According to OVD-Info, a Russian group that monitors police behavior at protests, 1,195 people were detained in thirty-eight cities on Sunday, more than half of them in St. Petersburg. Most were released the same day. The journalists’ union has said that at least seventeen reporters were detained and/or beaten; one young woman journalist in St. Petersburg suffered a concussion. Photographs, journalistic reports, and even the lists of the detained point to an incongruous fact about the protests: many, possibly most, of those who came out against pension reform were young people, and even children. A picture of a nine-year-old boy whose arms are being held behind his back by a policeman has gone viral.
There may be a couple of explanations for the youthfulness of the protests. It’s possible that the young people came out on behalf of their parents and grandparents. It’s also possible that high-school and college-age people, who have been the faces of Russian protest for the past couple of years, are so fed up with the way things work in Russia that they will respond to any call to protest, or at least to any call issued by Navalny. In other words, the explanation lies in solidarity or extreme disaffection, or both. Either way, it seems, a political force has emerged in Russia that is amorphous and mutable but reliable in its protest. This is Putin’s worst nightmare.
Why does Putin find himself in this predicament? During his first two terms as President, he enjoyed extreme economic luck: thanks to skyrocketing oil prices, Russia was more prosperous than ever in its history. This kept the population satisfied and distracted, and when a crisis did arise, as it did the last time the government attempted pension reform, in 2005, the Kremlin was able to pour money on the fire. Now this is no longer an option: the Russian government has used up its currency reserves, which is part of the impetus for the current attempt at pension reform.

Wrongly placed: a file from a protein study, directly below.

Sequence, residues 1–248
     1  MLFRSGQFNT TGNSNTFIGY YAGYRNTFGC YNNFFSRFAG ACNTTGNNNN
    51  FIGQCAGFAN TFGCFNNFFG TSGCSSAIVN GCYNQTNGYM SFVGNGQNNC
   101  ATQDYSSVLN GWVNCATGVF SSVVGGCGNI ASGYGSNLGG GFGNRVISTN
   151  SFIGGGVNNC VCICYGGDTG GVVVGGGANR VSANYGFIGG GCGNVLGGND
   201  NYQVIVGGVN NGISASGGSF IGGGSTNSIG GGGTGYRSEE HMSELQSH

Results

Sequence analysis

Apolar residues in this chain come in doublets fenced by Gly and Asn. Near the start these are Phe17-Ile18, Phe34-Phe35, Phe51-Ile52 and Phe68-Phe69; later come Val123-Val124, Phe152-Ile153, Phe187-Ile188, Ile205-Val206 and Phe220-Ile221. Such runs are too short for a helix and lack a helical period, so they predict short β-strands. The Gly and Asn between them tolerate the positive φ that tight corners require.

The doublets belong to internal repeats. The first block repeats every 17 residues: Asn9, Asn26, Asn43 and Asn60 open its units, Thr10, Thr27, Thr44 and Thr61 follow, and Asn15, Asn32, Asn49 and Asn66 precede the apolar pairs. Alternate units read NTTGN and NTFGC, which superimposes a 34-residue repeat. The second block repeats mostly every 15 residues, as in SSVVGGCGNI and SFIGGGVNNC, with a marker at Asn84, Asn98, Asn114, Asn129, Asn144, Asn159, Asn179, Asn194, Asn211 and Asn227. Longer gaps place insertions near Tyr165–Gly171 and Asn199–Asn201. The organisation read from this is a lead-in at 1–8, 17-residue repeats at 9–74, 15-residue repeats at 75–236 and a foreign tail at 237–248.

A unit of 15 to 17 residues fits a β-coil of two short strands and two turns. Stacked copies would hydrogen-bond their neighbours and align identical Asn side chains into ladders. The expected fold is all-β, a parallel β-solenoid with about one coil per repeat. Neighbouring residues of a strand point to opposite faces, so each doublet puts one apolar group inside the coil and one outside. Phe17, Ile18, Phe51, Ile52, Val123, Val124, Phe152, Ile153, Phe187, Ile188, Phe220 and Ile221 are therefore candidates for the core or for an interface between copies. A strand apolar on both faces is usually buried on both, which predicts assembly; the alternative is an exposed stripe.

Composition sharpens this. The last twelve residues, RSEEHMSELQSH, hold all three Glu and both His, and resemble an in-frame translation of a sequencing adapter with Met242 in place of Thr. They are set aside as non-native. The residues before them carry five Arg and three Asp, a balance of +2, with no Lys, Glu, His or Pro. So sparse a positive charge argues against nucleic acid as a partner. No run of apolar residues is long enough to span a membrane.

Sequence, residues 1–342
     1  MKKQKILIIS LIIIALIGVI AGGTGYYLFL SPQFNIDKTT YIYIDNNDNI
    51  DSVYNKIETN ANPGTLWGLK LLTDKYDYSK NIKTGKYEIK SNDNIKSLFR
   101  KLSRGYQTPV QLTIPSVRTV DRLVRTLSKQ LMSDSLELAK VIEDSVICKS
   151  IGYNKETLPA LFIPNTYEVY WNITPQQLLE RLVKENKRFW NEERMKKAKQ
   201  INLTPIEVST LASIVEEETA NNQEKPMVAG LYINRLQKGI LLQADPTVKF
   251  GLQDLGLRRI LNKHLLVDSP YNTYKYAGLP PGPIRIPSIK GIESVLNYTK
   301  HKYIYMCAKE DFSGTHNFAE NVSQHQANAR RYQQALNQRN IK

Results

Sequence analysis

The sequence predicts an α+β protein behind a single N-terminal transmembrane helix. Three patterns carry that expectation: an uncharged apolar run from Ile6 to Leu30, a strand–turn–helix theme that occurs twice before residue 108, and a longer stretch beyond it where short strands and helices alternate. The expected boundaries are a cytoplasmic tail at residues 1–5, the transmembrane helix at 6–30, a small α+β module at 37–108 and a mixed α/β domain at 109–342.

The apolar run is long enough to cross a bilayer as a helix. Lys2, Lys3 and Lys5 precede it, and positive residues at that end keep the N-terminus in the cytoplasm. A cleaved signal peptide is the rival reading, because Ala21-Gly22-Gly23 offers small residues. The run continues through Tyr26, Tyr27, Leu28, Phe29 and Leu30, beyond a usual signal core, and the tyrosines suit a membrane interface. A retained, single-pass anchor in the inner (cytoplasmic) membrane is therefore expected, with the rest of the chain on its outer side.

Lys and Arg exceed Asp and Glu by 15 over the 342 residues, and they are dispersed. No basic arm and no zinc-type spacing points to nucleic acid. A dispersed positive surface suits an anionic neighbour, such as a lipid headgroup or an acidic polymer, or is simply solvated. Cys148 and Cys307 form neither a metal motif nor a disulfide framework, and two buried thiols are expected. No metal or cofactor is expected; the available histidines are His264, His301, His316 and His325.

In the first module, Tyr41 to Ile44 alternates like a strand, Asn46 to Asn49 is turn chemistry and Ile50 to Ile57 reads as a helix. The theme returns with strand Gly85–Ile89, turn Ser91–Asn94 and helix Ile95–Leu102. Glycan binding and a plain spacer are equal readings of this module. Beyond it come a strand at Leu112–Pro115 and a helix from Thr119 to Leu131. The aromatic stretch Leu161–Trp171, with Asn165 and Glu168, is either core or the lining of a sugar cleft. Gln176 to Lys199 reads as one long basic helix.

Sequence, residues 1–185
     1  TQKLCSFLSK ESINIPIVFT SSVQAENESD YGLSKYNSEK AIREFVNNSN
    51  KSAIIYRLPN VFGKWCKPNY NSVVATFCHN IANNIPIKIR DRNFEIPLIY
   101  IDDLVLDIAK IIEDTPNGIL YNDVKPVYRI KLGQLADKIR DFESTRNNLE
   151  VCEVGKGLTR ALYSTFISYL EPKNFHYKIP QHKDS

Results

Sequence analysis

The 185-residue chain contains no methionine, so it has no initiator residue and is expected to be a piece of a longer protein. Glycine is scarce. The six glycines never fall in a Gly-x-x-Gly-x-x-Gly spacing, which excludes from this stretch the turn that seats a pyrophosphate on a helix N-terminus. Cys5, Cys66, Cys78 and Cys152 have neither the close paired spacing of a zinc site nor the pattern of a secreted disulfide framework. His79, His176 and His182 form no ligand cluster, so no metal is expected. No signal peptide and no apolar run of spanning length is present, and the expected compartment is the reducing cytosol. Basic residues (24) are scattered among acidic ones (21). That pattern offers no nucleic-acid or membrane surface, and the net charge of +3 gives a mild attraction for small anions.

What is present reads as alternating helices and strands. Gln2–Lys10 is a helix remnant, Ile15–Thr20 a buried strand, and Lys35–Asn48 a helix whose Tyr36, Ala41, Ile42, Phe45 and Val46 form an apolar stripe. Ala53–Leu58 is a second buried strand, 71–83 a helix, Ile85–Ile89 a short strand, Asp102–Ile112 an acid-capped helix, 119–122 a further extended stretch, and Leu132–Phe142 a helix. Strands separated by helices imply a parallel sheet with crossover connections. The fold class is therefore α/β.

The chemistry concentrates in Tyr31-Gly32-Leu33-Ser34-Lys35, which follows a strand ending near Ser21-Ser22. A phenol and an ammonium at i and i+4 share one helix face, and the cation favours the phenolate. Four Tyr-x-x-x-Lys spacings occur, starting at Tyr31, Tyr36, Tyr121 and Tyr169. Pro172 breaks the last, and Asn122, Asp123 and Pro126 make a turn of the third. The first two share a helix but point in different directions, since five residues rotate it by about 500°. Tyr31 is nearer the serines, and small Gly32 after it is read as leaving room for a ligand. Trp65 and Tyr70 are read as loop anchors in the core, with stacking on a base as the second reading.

Putin’s other tool of distraction has been war. Less than a year after taking office for the third time, in 2012, he launched a war with Ukraine, occupying Crimea. This fostered a sense of triumph and national unity that kept his popularity safely in the stratosphere for four years. Meanwhile, though, the slowing economy, stagnating oil prices, and Western sanctions drove increasing numbers of Russians into poverty. This created worry that bubbled just under the surface, until pension reform turned it into full-blown anxiety. A poll by the independent Levada Center shows that Russians are more worried than they used to be about almost everything, from rising inequality to environmental pollution and decaying morals. There is no war to take their minds off their concerns. (As much as Russian television has tried to play Syria as a patriotic Russian effort, it seems too far away to hold people’s attention.)
Some Western policy analysts have been anticipating this moment for years. Economic and social dissatisfaction, the theory goes, will lead to the downfall of the regime. But there is little reason for this kind of optimism. When Putin is scared, which he undoubtedly is now, he reacts by attacking. This is a personality trait that he has owned in his autobiographical storytelling, and one that he exhibited in 2012, when, faced with mass protests, he launched a crackdown that created a population of political prisoners in Russia. There is nothing to stop him from doubling down now: elections are a fraud, the courts do the Kremlin’s bidding, and the protesters are defenseless against his regime’s batons.
But Putin also loves to be loved. The suppression of dissent in Russia will probably intensify in the wake of last weekend’s protests, but that will not satisfy him fully. It may secure his power, but it will not repair his numbers. Only war can do that. All he needs is a worthy enemy, and a fitting propaganda campaign, to take people’s minds off their worries and make them feel a part of something great. Expect Russia’s neighbors, once again, to pay for the Kremlin’s instability.